Why do longtime partners split after getting married?

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The adventure begins
One thing that is freaking me out at the moment is when I hear of friend and friends of friends, who marry after being together for 7-8 years, but end up divorced after the first year or so. This terrifies me, as I really want to get/stay happily married, but I wonder why this happens … when people are together for ages, get married and then split. What causes this? -Jan

It's absolutely not uncommon at all: longtime partners who are together for years decide to get married, and then almost immediately decide to get divorced. What's going on? Could this happen to you? Or me? Or any of us?

Obviously, there's no way for us to ever know exactly what makes individual couples split up. But when it comes to this trend, I've got a theory…

For better or for worse, each of us has expectations about what being married will mean to the relationship. For some people, that expectation might be, “Absolutely nothing will change, other than that we'll be wearing rings and will have had a big party.” For other people, the expectation might be, “Everything will change. Our whole relationship will be on a different level, and how we interact with the world will be radically shifted!”

Neither of these assumptions is in any way wrong. The problem, however, is when the two people getting married don't talk about their expectations. One partner goes in thinking, say, “This is going to be awesome: once we're married, the sex is going to get way kinkier because the trust is going to be so much stronger between us!” The other partner goes in thinking, “This is awesome: I'm never going to have to travel alone again. We'll go places together!”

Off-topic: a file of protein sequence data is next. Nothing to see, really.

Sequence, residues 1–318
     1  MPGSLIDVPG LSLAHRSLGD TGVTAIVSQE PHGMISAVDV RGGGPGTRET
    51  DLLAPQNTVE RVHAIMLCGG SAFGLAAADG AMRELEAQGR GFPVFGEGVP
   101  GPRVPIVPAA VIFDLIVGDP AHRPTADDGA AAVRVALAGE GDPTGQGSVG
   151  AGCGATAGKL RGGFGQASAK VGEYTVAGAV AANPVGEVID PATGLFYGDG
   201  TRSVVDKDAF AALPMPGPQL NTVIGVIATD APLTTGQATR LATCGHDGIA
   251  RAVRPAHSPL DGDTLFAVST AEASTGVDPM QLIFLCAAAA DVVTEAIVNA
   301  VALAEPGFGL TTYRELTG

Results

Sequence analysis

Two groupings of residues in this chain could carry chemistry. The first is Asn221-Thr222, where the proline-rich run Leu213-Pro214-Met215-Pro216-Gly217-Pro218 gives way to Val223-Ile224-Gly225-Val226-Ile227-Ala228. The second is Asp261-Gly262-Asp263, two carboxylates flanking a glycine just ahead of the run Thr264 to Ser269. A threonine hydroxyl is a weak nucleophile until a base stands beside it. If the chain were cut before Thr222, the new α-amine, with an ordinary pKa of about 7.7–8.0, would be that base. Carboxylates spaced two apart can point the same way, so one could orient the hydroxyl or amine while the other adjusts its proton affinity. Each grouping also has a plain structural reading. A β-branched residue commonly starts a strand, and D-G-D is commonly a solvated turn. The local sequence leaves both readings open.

The issues arise when they don't talk these things over, and then go home after the wedding and the one partner is thinking, “Wow, the honeymoon was dull. Where's my kinky sex?” And the other partner is thinking, “Wait, did they just say they don't want to go to San Francisco with me next weekend? I thought we were doing everything together now!”

…See the problem?

Obviously, if it were all this simple, the solution would be easy: talk to your partner about your expectations for marriage! And that's a great first step.

But duh: half the time, a lot of us aren't even conscious of what our expectations are. This is hard stuff to quantify and articulate. “Um, when we're married, I want you to stick up for me when your friends make fun of what a geek I am…not like, all the time, but at least most of the time. And I don't want to be the only one to take out the garbage. And I want you to plan at least one special night for us a week. Well, ok, maybe one a month?” It's hard to put your finger on what marriage means to you.

Chances are decent that your own values about marriage are either a reflection of OR reaction against what you grew up with.

Not to get all Freudian on you, but this is where talking about your parents' marriages/relationships can come in handy. After all, these are the relationships that you grew up around, and chances are decent that your own values about marriage are either a reflection of OR reaction against what you grew up with. Talking about other people's marriages can help you better get your brain around your own values.

Is being married all about spending all your time together? Is it about supporting each other in your separate endeavors without insecurity? Is it about more kinky sex or more gentle couch snuggles after work? Is it about building a home together or is it about traveling the world together? Is it about feeling so confident in your commitment that you feel ok about going to grad school on opposite coasts?

In marriage as in wedding planning, you can't doze off at the wheel, or you wake up and realize you're living someone else's life.